From your product names and descriptions to your ads and social posts, your brand needs a consistent, memorable message. Weave in your unique selling proposition (USP) where possible, whether it’s your low prices or eco-friendly packaging. Also, consider the age-old marketing principle: Don’t sell the features, sell the benefits.

For an example of effective brand language, take Method, a company that produces non-toxic cleaning products. Their brand slogan is “people against dirty.” Method soaps have natural names like “waterfall” and “hibiscus flower.” Their product descriptions are equally nature-centric. Read the product details for Method's Waterfall soap

“since it’s not practical to call it quits on reality and retreat to Windermere Island, consider this your temporary solution. your 15-second escape. your oasis in a desert of routine. Surrender to the scent of cool, cascading water lily + sandalwood.”

This short snippet paints an inviting picture with its product right at the center. It creates real-world appeal beyond the soap’s practical features. The lowercase text underscores the company’s friendly, approachable nature. Together, the pieces create an emotional connection with the brand and product.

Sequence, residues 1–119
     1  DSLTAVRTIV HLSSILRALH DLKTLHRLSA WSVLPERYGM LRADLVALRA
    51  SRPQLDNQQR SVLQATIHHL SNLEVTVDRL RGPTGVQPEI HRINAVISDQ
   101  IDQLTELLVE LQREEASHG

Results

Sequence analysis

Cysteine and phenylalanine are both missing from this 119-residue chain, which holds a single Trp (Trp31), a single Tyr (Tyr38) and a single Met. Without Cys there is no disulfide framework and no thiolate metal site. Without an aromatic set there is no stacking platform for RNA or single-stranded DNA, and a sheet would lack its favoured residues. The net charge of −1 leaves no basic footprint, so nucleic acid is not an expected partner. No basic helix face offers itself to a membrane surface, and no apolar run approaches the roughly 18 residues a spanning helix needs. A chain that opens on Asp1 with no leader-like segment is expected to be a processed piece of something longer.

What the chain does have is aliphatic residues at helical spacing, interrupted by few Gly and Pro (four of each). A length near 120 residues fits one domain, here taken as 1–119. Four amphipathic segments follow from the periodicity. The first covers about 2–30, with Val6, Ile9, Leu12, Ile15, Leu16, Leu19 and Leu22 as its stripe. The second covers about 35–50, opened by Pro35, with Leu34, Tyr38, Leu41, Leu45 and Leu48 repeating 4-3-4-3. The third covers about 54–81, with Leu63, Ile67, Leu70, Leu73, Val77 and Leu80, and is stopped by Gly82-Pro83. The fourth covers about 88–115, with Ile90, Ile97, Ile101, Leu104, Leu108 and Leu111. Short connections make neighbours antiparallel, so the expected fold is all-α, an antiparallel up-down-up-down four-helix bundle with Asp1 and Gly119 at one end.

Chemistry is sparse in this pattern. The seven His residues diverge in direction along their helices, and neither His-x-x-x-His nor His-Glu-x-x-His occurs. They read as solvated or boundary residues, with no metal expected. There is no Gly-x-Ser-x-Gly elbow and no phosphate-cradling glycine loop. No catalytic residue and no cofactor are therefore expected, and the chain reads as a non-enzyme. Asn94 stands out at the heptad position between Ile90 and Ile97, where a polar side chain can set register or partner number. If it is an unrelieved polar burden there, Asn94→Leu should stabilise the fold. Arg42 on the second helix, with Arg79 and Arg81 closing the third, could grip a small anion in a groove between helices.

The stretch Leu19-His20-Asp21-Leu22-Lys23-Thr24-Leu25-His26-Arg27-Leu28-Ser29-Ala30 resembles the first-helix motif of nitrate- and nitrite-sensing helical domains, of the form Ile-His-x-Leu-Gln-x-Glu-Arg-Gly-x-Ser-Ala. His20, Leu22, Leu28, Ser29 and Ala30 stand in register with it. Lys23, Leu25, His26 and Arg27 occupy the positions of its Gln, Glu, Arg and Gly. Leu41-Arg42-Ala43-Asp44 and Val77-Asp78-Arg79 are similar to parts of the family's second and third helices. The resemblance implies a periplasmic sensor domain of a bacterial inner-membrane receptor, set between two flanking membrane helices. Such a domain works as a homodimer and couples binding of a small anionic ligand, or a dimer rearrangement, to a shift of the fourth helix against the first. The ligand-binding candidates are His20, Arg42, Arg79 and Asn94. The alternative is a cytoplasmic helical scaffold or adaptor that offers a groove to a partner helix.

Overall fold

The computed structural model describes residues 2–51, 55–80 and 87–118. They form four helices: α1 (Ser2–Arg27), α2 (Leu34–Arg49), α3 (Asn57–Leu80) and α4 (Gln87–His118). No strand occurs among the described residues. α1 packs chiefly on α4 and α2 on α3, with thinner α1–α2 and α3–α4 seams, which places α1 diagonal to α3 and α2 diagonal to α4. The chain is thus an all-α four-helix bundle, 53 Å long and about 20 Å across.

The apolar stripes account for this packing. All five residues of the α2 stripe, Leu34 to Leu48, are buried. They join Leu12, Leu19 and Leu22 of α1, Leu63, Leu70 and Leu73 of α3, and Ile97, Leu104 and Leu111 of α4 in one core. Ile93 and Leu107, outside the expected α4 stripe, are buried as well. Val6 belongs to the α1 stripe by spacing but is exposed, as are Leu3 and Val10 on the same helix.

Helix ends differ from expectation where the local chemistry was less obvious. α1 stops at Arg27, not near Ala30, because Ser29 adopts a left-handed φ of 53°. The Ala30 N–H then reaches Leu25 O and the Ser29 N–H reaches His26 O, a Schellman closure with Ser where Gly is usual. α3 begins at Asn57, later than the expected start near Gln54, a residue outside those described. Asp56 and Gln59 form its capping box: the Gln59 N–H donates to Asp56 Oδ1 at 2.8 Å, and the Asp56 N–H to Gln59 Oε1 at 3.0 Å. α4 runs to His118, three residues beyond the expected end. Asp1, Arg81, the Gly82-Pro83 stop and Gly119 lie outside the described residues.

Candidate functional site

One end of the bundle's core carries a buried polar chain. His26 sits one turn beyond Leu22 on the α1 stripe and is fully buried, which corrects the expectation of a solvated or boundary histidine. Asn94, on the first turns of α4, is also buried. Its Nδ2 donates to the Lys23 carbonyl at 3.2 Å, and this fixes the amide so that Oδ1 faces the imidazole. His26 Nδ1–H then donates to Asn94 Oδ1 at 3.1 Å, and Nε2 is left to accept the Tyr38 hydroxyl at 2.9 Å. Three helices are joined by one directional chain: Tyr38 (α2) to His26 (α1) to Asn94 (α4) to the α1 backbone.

Design and packaging

The look and feel of your ads, website, and product packaging all need to reflect your USP. Work with your team to decide on a set color palette so your brand and product are recognizable across marketing platforms. Images and icons are eye-catching and cut down on the amount of text needed to communicate. 

How you present your products—whether they’re in-store, shipped out, or online—is a central part of the consumer experience. Invest in high-quality product photography and video, and offer multiple angles. 

Thoughtful product design and packaging is another nonverbal way to market your goods. A comforting and nostalgic business brand wouldn’t use sleek, modern packaging as Apple does. Meanwhile, an environmentally conscious business could include “100% recycled cardboard” on every box.

Content marketing assets

To support a product launch, it’s best to create multipurpose marketing materials. That means writing content and producing images that can be used for digital ads and then easily expanded into a brief social media post. Here are some examples for B2B or B2C businesses: 

  • Original articles
  • Product one-sheets
  • Infographics
  • Case studies
  • E-books